My husband and I went to a Mongolian Barbecue restaurant for dinner tonight. For those not familiar with the concept, it’s like a small buffet where you fill an empty bowl with raw meat, vegetables, various condiments and sauces, and the chef cook the food for you on a large round iron skillet. According to Wikipedia it traditionally does not involve any starch, but these days most restaurants include choice of noodles to be stir fried with the rest of the ingredients.
I was surprised to find a big bowl of rice when I brought my food back to the table. My first thought was this seems really unnecessary. Sure a handful of customers do skip the noodle, but when I looked around virtually no one else has touched their rice, and those who did got a spoonful or two just because it was there. How much rice the restaurant must be wasting every day!
The point of the story isn’t just about food wastage, but how often people or businesses get into the habits of doing things a certain way without asking the important question – Why. Perhaps the rice was essential before they introduced the noodle. Had they pay attention to their customer lately, they should have realized it’s no longer the case. We see similar patterns in tech – features that exist because “they were there since v1”, even though data shows no customer really uses it. It’s true that unused feature does not cost a company the same way wasted rice does to a restaurant, but it could make the UI clutter or worse, gets in the way of simplifying the overall UX.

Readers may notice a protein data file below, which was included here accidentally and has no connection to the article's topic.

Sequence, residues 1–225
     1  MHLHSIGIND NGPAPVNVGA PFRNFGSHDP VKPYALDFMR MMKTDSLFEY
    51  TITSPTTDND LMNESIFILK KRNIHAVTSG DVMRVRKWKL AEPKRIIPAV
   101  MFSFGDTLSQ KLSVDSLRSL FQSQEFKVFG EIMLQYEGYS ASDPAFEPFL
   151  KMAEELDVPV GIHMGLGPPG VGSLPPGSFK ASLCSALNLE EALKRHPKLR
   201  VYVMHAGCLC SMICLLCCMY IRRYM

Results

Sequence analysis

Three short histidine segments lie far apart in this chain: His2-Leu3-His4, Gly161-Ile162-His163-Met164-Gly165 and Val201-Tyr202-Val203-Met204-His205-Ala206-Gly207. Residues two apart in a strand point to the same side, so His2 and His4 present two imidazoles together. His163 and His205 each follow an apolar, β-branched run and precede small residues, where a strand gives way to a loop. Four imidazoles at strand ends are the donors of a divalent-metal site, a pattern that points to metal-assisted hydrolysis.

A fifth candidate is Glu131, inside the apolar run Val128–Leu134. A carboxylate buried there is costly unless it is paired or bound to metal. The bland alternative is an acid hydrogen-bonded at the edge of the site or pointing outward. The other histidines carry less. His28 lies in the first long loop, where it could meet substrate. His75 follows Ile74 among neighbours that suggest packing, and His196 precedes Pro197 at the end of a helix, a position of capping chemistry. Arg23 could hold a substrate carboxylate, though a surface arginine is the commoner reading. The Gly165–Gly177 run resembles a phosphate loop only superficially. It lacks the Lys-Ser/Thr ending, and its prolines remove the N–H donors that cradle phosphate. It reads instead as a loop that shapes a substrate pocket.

Of course one also has to be careful of the opposite issue – taking away features/options that actually delight your customers. So it’s crucial to really spend the time to understand your user base. In the restaurant’s case my guess is it wouldn’t make any difference to its popularity if instead of giving rice by default one has to ask for it. They might, however, lose some customers had they hid that self-serve ice cream machine. At least it got my attention.